DR. LONG: Thank you. Okay. Where did he go? There he is. Okay. Now, this is Mark Lipstich -- is that right?

DR. LIPSITCH: Lipsitch.

DR. LONG: Lipsitch. He is Assistant Professor of Epidemiology at Harvard School of Public Health. And his research uses mathematical models to study the transmission dynamics of infectious diseases.

Dr. Mark Lipsitch

DR. LIPSITCH: Thank you. Thanks for the invitation to come here. I have a few comments that are on sort of various topics. I think they are responsive to the questions, but I haven't really tried to key them to the questions.


So I will briefly talk about the strengths of the model as I see them. And then talk a little about the limitations and then the question of setting thresholds and responding.


I would like to start by commending FDA on the -- I am not going to -- and Dr. Vose on really a very impressive model. And I think if anything, the concern is that we may be spoiled by having such a nice model for a system where there is so much data. I mean there are certainly significant gaps.

But I think my strongest point today is going to be that we can't know everything and that this may, in fact, be really as good as we are going to do for any pathogen that might be of interest. Having said that, I have four brief comments about limitations of the model.


The first of those is that the report makes very specific predictions about the number of excess fluoroquinolone-resistant Campylobacter cases, the result from use of fluoroquinolones in chickens. What is not totally clear is the toll of these additional infections on human health and welfare, although there was some discussion of that today in terms of additional days of disease.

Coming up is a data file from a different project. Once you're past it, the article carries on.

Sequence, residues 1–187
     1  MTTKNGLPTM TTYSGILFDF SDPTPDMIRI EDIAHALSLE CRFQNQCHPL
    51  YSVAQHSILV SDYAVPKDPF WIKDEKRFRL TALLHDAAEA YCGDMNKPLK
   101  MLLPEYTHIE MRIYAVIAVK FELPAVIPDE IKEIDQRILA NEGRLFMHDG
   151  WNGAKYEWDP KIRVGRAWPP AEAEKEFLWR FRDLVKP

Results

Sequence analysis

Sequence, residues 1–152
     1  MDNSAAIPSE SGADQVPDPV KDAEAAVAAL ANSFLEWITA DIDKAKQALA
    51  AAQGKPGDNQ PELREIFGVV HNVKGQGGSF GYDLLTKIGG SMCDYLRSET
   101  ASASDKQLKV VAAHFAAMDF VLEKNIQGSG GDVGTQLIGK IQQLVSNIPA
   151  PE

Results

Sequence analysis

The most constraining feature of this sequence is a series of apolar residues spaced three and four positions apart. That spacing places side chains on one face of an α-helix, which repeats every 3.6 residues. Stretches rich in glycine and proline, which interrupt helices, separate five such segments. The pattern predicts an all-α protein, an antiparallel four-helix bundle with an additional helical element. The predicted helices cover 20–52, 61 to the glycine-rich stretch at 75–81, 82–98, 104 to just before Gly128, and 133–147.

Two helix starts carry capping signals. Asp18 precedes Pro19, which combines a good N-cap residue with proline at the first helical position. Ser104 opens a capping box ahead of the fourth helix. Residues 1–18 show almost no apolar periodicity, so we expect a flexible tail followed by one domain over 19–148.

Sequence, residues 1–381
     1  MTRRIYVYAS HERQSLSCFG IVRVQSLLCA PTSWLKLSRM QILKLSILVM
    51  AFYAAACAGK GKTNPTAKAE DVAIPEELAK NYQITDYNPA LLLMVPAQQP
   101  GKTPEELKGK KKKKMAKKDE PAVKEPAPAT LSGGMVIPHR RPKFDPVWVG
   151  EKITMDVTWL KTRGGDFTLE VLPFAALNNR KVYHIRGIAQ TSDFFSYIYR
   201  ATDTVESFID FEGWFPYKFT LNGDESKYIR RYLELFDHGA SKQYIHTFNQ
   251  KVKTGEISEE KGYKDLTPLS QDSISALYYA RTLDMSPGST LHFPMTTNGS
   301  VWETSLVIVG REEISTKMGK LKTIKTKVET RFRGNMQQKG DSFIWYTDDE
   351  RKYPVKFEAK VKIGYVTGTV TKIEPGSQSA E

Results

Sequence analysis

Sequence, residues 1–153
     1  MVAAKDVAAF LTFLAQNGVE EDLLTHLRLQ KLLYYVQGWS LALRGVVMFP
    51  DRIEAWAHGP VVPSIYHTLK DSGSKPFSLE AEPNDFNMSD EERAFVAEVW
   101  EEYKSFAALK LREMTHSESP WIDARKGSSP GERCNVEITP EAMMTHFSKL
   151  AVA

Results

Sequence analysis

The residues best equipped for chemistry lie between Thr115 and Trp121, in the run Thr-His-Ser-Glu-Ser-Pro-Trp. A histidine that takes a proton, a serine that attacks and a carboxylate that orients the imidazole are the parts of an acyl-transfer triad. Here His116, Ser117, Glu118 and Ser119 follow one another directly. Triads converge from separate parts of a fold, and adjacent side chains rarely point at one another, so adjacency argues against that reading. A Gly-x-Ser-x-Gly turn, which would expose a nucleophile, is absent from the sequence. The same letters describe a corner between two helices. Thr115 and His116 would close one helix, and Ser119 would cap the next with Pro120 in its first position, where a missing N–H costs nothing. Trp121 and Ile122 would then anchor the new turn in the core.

It would be possible to make such estimates using those sorts of data on differences in the duration of disease. And it would also be important to consider separately the impact of resistance and potential treatment failure on the rare or a bit more severe cases of invasive disease.

And finally, also to consider the effect of resistance on the duration of symptoms in untreated patients, as there has been some suggestion that even in the absence of treatment, resistant isolates may cause worse disease. And the last point here is we might want to know how these effects are different in different sub-groups of the U.S. population that might be at elevated risk such as immunocompromised people.


The second limitation is that the model is really a static model. And the flip side of that is it is an easily updated model. So -- but I think it will be important to consider how these estimates are changing over time as the number of resistant isolates possibly increases. And we heard discussion earlier from the Minnesota data that the prevalence of resistance in Campylobacter appears to be increasing already this year over last.